Increasingly we leave traces of movement, from GPS enabled devices and RFID transport cards, or ‘wired’ infrastructure.
Anil has been producing what he calls ‘ﬂowprints’ of cities. These visualise the city of ﬂows. This is a ﬂowprint of the London Bus network, which contains about 30,000 bus stops. Each dot is a bus adhering to one of 700 routes on the network. He has used simulated ﬂows in this ﬂowprint, incrementally adding more and more buses evenly to each route, in order to show certain properties of the network structure.
He keeps adding buses till we reach about 8000, which is the actual size of the London bus ﬂeet. The brighter areas are where routes overlap or converge. These tend to be bus depots around the outskirts of the city, or the core of the network, which you can see in the middle. This is the historical center of the network, around Victoria, and a great example of what complexity scientists call ‘path dependence’: the capacity for small decisions or events to take a complex system in a completely different direction, constraining and dictating its future growth, disproportionately influencing its future. Because of location choices made 150 years ago in 1860, the network evolved around Victoria Station as its center, and to this day it contains the highest convergence of routes on the network.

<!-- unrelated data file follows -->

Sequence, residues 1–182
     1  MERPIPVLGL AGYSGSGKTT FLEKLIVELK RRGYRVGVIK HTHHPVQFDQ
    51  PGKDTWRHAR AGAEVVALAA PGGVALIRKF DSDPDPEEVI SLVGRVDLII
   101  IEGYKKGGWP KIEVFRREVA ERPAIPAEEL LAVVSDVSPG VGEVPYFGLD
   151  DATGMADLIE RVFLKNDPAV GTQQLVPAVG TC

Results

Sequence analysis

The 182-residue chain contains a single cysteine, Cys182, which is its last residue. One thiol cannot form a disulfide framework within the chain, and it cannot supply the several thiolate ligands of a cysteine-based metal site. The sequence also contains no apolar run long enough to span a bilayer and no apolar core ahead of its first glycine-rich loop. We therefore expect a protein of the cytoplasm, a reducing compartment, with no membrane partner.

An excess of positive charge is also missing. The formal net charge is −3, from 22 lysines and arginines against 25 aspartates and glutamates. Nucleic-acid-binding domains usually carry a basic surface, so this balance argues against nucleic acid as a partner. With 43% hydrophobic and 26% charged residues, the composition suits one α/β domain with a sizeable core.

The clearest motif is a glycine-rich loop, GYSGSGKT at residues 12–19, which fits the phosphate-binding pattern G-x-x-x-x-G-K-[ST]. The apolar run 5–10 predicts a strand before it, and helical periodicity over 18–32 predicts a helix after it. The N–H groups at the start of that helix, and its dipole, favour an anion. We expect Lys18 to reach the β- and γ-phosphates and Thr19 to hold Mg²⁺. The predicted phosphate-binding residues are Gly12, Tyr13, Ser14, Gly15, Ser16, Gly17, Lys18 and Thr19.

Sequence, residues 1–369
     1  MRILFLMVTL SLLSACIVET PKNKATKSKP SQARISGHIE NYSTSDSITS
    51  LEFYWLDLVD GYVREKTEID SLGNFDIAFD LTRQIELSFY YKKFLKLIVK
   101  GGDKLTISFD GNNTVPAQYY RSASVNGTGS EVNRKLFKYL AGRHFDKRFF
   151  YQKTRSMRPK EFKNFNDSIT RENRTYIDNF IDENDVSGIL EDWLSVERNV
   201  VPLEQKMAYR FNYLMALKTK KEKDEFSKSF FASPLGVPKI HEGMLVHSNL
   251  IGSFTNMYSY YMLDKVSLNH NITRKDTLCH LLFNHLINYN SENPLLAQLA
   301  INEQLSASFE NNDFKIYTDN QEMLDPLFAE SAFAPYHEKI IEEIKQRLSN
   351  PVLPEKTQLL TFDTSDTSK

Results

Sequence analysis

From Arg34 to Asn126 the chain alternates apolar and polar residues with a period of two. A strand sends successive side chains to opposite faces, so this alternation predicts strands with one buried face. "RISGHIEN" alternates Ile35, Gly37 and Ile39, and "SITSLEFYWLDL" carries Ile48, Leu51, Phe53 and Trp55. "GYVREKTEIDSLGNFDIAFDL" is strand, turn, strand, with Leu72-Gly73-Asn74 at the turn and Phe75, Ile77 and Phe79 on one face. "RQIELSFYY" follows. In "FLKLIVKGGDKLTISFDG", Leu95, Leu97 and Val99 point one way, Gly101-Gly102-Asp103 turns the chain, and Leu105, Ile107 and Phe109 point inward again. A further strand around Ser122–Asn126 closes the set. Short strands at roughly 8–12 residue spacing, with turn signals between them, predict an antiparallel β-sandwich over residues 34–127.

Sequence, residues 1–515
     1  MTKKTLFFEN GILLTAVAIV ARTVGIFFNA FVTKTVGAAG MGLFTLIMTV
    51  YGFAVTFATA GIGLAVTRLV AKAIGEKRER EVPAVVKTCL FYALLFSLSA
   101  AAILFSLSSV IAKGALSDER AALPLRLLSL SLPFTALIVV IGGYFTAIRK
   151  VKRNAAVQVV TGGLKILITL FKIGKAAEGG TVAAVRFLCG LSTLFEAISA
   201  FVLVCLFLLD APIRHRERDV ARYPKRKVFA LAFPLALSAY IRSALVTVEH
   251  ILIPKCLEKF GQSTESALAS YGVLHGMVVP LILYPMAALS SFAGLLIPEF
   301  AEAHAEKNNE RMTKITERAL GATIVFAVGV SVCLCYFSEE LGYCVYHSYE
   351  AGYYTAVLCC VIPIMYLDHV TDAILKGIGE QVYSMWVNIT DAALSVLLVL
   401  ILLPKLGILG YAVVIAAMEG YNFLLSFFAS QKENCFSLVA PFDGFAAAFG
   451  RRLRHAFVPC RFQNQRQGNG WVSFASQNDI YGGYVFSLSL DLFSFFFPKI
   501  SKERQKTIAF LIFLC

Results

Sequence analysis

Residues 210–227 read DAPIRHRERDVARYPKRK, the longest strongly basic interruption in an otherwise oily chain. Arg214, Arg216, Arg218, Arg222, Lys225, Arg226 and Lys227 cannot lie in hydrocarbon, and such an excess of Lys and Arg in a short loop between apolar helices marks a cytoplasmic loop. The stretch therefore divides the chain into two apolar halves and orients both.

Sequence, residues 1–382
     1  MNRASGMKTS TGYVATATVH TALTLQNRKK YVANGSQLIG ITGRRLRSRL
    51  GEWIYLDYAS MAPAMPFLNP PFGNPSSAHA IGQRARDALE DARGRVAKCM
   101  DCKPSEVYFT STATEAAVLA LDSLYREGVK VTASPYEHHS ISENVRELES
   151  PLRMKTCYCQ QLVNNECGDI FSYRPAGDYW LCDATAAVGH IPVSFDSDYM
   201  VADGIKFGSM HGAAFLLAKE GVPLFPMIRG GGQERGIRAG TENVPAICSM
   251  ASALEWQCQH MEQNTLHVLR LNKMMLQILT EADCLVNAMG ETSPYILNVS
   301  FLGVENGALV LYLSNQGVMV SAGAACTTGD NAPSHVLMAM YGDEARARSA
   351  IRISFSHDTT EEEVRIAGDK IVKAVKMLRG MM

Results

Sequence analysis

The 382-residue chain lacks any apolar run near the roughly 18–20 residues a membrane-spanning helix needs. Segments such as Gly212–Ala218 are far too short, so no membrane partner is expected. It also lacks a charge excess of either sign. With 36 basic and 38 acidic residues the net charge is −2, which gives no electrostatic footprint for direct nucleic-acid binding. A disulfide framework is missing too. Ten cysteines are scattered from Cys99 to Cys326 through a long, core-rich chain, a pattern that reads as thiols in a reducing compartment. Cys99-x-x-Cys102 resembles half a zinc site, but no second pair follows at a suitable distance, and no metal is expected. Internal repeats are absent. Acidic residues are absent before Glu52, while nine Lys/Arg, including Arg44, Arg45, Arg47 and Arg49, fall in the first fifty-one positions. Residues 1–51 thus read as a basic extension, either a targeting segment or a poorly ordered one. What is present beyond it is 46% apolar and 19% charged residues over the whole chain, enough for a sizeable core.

These ﬂowprints are like ‘macroscopes’ for cities. They allow Anil to look at the dynamics of the whole city functioning at once whilst preserving a high level of detail.
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